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International Trade Theory: A Comparison Between Three Schools of Thought


International Trade Theory: A Comparison Between Three Schools of Thought



This paper critically compares three different theorisations of trade, based on the factoral, Heckscher-Ohlin-Samuelson model (Rogowski, 1987), the sectoral, Ricardo-Viner model (Hiscox, 2001), and the firm-related, New Trade Theory model (Baccini et al., 2017). Indeed, all three papers seek to explain why some interest groups favour trade openness while others lobby for protectionism. Respectively, each article found the explanation in the differences in the factor-endowments between different social groups, in the domestic factor mobility (which can increase the importance of industrial-sectoral disparities), or in the level of individual firm international competitiveness. Although both the theorisation background and the research design differ between the analysed papers, I argue that, in the end, these contributions are an integral part of a bigger vision that aid researchers to assess which groups and to what extent they influence the policy-making process in contemporary democracies. Finally, I noted the significant contribution by the micro-level New Trade Theory: the winners of trade liberalisation are not diffuse as presumed by macro-level analyses but highly concentrated.

Keywords: international trade, international political economy, H-O-S model, R-V model, New Trade Theory

How to Cite:

De Rogatis, P., (2022) “International Trade Theory: A Comparison Between Three Schools of Thought”, Essex Student Journal 13(1). doi:



After the first essay by Strange (1970), International Political Economy (IPE) started to analyse the multiple interactions between the global political system and economic capitalism. However, one topic captured the majority of scholarly attention: international trade. Indeed, many theories study the numerous relationships between political variables and global commercial and financial exchanges, especially regarding diverse regime types like democracies and autocracies (e.g., Nielson, 2003; Kono, 2006; Hollyer and Rosendorff, 2012). Moreover, the IPE literature distinguished itself from IR for its capacity to build a cumulative knowledge that can simultaneously implement and modernise preceding theories with new arguments and hypotheses or invent original and innovative models, which replace the former ones, to explain the global economic behaviour as normal sciences typically accomplish (Rickard, 2021). Although all IPE literature shares the general assumption that interests are exogenous and one of the predominant drivers of actors’ decisions (Lake, 2009), Bearce (2021) divided the literature on trade policies into three separate scholarships. Indeed, he differentiates assumptions and theories based on factoral differences (Heckscher-Ohlin-Samuelson model), on sectoral-industry disputes (Ricardo-Viner model), or on firm-based characteristics (New Trade Theory). 1 Consequently, this review examines three different articles, one for each school of thought, comparing and evaluating their capacity in explaining trade preferences, globalisation coalitions, and protectionism, i.e., which factor-owning classes, sector-based industries, or individual firms benefit from economic liberalisation, and how they use this comparative advantage to influence policymakers and legislators. For the factoral model, this article will analyse the canonical paper by Rogowski (1987), while, for the sectoral-industry model, it will examine the article by Hiscox (2001), and, finally, it will consider the essay by Baccini et al. (2017) for the firm-related model.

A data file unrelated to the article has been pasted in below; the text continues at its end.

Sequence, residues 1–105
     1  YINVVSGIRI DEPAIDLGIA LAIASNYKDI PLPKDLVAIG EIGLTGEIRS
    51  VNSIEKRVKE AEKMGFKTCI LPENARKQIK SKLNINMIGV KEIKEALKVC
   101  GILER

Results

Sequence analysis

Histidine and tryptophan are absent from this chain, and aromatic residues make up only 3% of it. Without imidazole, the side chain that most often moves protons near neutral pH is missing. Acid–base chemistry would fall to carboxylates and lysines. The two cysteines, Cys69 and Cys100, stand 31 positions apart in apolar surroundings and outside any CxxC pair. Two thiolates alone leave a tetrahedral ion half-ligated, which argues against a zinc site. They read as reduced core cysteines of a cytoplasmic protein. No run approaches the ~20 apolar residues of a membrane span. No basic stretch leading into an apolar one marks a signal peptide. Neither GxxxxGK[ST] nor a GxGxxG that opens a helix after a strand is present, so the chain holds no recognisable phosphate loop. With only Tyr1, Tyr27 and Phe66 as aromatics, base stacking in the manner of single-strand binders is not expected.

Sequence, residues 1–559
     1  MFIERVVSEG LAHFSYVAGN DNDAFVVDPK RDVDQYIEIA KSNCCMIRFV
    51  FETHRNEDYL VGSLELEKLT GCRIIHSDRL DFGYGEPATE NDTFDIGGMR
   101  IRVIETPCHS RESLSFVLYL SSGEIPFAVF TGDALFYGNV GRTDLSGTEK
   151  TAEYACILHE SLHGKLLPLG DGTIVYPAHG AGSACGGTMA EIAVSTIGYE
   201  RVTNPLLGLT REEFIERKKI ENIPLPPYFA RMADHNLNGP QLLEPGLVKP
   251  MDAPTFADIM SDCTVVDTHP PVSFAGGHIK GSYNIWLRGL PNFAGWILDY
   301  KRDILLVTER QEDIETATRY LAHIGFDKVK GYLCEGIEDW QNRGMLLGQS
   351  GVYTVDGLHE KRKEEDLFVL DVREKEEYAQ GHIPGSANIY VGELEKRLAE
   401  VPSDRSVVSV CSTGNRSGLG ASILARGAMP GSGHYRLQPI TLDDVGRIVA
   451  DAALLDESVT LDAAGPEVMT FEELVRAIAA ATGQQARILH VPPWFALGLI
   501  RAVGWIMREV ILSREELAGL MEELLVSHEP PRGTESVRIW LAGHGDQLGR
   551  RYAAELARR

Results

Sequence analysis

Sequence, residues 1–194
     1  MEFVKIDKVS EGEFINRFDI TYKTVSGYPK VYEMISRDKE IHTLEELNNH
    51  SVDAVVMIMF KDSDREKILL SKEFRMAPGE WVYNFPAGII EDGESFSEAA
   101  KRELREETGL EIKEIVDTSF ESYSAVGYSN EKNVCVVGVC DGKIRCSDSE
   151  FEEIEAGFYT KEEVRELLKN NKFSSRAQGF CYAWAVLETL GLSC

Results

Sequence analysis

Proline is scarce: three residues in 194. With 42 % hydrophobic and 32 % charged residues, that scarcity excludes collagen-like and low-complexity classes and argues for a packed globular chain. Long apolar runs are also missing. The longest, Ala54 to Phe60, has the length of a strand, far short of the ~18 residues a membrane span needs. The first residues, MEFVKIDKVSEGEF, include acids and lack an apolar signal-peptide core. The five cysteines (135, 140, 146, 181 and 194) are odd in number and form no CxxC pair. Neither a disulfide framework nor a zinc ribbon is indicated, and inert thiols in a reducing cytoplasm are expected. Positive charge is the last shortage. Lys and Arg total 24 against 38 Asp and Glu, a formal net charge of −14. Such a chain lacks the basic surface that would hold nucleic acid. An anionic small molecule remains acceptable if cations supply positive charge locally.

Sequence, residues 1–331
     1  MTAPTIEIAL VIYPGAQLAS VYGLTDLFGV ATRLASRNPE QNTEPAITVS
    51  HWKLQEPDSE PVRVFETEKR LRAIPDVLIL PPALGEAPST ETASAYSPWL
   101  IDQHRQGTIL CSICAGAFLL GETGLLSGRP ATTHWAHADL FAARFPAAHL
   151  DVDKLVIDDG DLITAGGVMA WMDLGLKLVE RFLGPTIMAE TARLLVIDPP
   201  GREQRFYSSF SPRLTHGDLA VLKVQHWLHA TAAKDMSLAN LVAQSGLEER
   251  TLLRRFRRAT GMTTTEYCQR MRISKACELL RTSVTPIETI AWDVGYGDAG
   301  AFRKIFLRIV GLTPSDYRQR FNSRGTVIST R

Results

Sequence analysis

Argument and Research Question of the Papers

All three papers share an argument: international trade. However, they differ in how their hypotheses consider and implement it. Indeed, liberalisation and protectionism are studied either as the independent variable (Rogowski, 1987; Baccini et al. , 2017) or as the theoretical background in their papers (Hiscox, 2001). For instance, Rogowski (1987) argued that exposure to trade improves the political power and lobbying outcomes of specific political movements or ideologies based on the different factor-endowments (capital, labour, and land) in the country. 2 Indeed, Stolper and Samuelson (1941) theorem revealed that “in any society protection benefits – and liberalization of trade harms – owners of factors in which that society is poorly endowed, relative to the rest of the world, as well as producers who use the scarce factors intensively […]. Thus, in a society rich in labor but poor in capital, protection would benefit capital and harm labor; and liberalization of trade would benefit labor and harm capital” (Rogowski, 1987, p. 1122). Therefore, social classes alter their relative political power since they can economically gain from exogenous shifts in international trade. 3 For instance, workers benefit from increased commercial relationships when the country is labour-abundant since they principally possess the labour factor. By contrast, protectionism harms and deteriorates their political status and economic wealth. Likewise, Baccini et al. (2017) demonstrated that Preferential Trade Agreements (PTAs) favour only the most internationally competitive companies – i.e., the largest and most productive firms since lower international tariffs enhance the profitability of subsidiary enterprises in service abroad. Therefore, free trade policies boost revenues only for leading businesses, broadening the gap with the smaller ones which cannot successfully compete in a new post-PTAs environment with lower prices for manufactured goods and higher production costs (Baccini et al. , 2017). Furthermore, this mechanism is not dissimilar to the one unveiled by Rogowski (1987) since they both contend that exogenous shocks in trade only benefit particular social sectors or profitable companies in the system.